Virtually any type of drive means is adaptable, including the most widely used electromagnetic drive. Other drives include pneumatic, hydraulic pistons, air jets, etc. The electromagnet has the advantage of being eflicient, light, small, and relatively inexpensive. The drive means can be within or without the apparatus; it being dependent for location upon the size of the apparatus and its function, which also determines the type of drive means that can most effectively be utilized.
My invention provides a multiple mass apparatus for vibratorily feeding and orienting parts. Basically, the apparatus comprises two masses, a base support mass and an inertially balanced systems mass. The latter mass includes the two members, an orientation member and a receptacle member, that are inertially balanced while coupled by a plurality of complex springs. The complex springs such have at least two elements which are angularly secured together (the angularity is not or displaced parallel to each other and provides at least two unsecured ends, one of the unsecured ends being rigidly mounted on the orientation member and a second unsecured end being rigidly mounted on the receptacle member. The base support mass includes means for non-rigidly coupling the two masses together at the node point of the coupling between the two members of the inertially balanced systems mass.
The use of two separate surfaces for contacting and conveying the parts and the resilient coupling between them enables independent control of their motion. All electromagnetic drive or similar means control their motion; said surfaces are elements of the two members; each gives the receptacle contact surface and the orienting contact surface a distinct vibratory motion which can be controlled naturally in vertical acceleration and horizontal velocity.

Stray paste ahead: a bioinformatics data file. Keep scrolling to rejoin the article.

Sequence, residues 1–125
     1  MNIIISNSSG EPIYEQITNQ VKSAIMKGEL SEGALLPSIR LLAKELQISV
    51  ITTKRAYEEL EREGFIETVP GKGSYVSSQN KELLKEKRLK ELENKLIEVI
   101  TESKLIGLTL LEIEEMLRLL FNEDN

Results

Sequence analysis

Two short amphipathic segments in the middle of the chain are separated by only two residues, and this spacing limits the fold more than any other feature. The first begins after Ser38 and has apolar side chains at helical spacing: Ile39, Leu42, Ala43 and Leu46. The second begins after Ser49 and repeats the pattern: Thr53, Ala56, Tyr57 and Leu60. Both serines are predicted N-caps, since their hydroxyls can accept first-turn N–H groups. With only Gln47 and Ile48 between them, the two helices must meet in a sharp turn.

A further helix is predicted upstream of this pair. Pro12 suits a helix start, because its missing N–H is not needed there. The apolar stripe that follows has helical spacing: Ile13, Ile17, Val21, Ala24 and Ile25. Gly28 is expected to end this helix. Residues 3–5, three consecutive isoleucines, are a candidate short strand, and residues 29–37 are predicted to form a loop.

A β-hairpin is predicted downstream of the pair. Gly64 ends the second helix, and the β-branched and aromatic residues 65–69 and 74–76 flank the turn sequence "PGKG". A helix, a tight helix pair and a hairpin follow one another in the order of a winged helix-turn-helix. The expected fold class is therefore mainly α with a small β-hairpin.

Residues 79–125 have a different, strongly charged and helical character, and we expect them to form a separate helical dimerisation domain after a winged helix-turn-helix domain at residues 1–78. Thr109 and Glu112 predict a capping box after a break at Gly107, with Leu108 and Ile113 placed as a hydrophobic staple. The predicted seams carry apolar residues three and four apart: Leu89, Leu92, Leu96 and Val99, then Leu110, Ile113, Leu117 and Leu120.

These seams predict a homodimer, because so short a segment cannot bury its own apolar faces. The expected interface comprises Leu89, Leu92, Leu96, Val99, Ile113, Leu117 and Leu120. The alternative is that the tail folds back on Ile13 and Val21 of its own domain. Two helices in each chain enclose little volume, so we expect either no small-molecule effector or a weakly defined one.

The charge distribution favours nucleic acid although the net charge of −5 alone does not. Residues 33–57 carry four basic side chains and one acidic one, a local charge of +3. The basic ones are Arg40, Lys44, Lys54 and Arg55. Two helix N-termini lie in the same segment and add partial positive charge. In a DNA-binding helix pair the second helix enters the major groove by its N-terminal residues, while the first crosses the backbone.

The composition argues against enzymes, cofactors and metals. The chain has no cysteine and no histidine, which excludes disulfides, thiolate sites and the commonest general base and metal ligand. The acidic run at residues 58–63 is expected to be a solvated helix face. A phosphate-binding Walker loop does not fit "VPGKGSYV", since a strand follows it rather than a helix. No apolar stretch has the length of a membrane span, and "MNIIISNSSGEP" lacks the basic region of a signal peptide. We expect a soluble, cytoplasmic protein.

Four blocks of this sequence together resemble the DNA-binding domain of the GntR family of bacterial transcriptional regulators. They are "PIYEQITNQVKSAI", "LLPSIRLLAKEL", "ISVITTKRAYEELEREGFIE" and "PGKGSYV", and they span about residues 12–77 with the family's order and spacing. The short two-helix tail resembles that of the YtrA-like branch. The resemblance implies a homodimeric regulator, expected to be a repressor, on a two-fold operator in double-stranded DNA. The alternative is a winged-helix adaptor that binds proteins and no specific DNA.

My invention provides many significant advantages over the prior port feeders and orienters. By incorporating the two members that are in vibratory motion into a single system or mass in which the inertial forces of said members can be balanced, the vibrating members, which I term an inertially balanced systems mass can be supported so that it transmits little or no vibration to the base support mass. Negligible vibration resulting from the failure to achieve a perfect node support and balance of the two members may be further reduced or eliminated by means of the resilient coupling between the inertially balanced systems mass and the base support mass. Consequently, since there is no vibration reaching the base support, there will be no vibration transmitted from the base support mass to the foundation on which the apparatus rests. This results in greatly improved use of the vibratory energy and, accordingly, lessens the dead spots or points of insufficient feed along the contact surfaces thereby greatly increasing the efiiciency of the apparatus. It also results in the ability to utilize support masses that are much lighter than those common to the art.